Abstract: We often don’t know what we ought to do. This can be because of descriptive uncertainty, where we are ignorant of certain descriptive facts such as what would happen were we to perform certain actions; or because of moral uncertainty, where we are ignorant of certain moral facts such as which moral theory is correct. Much has been written on descriptive uncertainty, but very little has been written about moral uncertainty. This is particularly worrying given that (i) we are all in situations of moral uncertainty, and (ii) the most common approach to moral uncertainty — acting on the theory you find most plausible — can be shown to be unacceptable. I will explore several approaches to moral uncertainty, explain some interesting puzzle cases, and consider the question of how it could be reconciled with non-cognitivist metaethics.
Dr Toby Ord's research interests encompass both theoretical and practical ethics. He is currently focusing on a number of questions concerning the nature of consequentialism, its connection to practical decision making, and its relationship to other normative theories. In addition, he is looking at the moral status of the human embryo and at techniques to identify and overcome biases in ethical decision making.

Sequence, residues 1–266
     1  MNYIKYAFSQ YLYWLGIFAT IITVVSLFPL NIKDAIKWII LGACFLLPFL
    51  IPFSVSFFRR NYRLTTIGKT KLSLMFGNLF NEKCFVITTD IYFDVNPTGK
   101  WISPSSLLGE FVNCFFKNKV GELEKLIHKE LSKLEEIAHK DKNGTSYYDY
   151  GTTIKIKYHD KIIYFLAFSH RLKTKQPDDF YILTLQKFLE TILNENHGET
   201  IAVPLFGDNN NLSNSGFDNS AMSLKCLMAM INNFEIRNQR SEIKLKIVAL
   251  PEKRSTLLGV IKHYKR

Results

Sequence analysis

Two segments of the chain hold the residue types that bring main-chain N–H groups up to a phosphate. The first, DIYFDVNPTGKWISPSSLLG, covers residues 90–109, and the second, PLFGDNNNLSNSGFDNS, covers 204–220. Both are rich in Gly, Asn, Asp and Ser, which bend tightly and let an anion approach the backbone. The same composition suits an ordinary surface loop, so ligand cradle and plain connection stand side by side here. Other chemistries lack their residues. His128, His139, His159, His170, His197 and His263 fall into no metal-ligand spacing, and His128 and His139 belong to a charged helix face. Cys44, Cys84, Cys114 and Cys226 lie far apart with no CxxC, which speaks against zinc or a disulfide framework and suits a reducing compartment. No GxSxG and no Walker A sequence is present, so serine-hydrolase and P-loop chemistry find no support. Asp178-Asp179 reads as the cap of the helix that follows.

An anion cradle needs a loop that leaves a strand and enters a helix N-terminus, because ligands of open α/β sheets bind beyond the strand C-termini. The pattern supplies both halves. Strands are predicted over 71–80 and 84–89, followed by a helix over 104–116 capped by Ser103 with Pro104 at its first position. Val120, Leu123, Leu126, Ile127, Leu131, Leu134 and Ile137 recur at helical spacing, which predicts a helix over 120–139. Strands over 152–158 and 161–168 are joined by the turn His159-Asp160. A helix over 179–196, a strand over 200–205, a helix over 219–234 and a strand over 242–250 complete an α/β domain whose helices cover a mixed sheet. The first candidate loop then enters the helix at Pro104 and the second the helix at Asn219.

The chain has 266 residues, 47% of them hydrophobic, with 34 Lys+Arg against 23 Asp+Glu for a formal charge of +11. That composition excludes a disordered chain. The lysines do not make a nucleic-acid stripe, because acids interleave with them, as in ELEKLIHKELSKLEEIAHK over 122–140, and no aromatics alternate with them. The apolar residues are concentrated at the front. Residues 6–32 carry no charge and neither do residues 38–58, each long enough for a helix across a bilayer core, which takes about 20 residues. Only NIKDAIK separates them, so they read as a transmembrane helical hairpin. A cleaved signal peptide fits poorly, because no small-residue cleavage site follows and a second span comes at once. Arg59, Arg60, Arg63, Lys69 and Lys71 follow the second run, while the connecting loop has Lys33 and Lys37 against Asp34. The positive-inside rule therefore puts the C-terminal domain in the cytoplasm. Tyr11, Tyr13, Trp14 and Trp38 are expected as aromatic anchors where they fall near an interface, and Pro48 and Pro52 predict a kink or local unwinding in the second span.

Toby Ord has recently been awarded a British Academy Postdoctoral Fellowship, which provides funding for three years to pursue a major research topic, 'Moral Uncertainty': the study of how we are to act when we are uncertain about the relevant moral issues. The BA Fellowship is held in conjunction with a Junior Research Fellowship at Balliol College. He is also a research associate at two of Oxford's research centres in ethics: the Uehiro Centre for Practical Ethics, and the Future of Humanity Institute, and is a member of Christ Church College. He has undertaken a BPhil and a DPhil in Philosophy at Oxford, and prior to that he studied for a Bachelor of Science and a Bachelor of Arts, with majors in philosophy, computer science and mathematics, at the University of Melbourne.